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Growing up, there's been one consistent man I can always count on, my father. In any aspect of my life, my dad has always been there, showing me unconditional love and respect every day. No matter what, I know that my dad will always be the most important man in my life for many reasons.

1. He has always been there.

Literally. From the day I was born until today, I have never not been able to count on my dad to be there for me, uplift me and be the best dad he can be.

2. He learned to adapt and suffer through girly trends to make me happy.

I'm sure when my dad was younger and pictured his future, he didn't think about the Barbie pretend pageants, dressing up as a princess, perfecting my pigtails and enduring other countless girly events. My dad never turned me down when I wanted to play a game, no matter what and was always willing to help me pick out cute outfits and do my hair before preschool.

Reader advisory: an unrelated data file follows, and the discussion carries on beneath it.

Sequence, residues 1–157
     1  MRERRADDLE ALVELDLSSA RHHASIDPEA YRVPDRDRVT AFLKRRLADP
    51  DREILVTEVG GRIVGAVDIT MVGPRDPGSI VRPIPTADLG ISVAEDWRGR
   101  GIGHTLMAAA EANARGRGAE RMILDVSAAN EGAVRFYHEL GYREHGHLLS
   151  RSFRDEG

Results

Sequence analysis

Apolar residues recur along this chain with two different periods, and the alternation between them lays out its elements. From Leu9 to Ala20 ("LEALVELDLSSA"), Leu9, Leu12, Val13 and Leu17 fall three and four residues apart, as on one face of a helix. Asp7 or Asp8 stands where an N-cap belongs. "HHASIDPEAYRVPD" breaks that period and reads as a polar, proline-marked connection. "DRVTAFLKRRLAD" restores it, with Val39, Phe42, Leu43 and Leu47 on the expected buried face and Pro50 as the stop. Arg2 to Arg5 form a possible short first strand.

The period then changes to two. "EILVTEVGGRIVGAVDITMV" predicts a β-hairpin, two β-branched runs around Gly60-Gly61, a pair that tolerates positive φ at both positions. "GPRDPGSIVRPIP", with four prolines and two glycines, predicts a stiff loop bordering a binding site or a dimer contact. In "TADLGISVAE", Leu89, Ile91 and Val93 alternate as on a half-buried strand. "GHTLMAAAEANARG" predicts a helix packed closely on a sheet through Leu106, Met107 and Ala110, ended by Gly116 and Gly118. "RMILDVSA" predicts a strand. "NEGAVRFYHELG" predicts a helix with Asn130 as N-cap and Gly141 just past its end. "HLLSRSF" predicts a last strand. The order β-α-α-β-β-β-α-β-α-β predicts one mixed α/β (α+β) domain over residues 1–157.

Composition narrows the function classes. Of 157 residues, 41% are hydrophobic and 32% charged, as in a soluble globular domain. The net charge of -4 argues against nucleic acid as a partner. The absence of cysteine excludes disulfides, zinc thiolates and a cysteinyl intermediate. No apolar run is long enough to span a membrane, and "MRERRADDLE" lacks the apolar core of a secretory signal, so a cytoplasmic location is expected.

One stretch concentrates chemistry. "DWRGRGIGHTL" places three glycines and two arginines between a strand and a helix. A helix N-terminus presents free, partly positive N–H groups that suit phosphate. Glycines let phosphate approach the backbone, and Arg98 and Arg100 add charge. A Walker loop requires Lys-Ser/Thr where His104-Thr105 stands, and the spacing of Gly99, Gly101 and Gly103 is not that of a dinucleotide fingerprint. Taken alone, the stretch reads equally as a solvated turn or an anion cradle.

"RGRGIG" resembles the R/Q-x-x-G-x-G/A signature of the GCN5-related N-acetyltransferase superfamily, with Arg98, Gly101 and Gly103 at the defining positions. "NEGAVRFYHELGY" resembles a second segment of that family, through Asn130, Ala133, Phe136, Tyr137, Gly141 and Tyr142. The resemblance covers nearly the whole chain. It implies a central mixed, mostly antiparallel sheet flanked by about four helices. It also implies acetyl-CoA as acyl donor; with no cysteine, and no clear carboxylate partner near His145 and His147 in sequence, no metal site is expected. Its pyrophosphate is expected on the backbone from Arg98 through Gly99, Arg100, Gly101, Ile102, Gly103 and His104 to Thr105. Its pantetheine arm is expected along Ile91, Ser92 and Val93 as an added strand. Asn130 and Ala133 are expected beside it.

3. He sends the cutest texts.

Random text messages since I have gotten my own cell phone have always come my way from my dad. Those randoms "I love you so much" and "I am so proud of you" never fail to make me smile, and I can always count on my dad for an adorable text message when I'm feeling down.

4. He taught me how to be brave.

When I needed to learn how to swim, he threw me in the pool. When I needed to learn how to ride a bike, he went alongside me and made sure I didn't fall too badly. When I needed to learn how to drive, he was there next to me, making sure I didn't crash.

5. He encourages me to best the best I can be.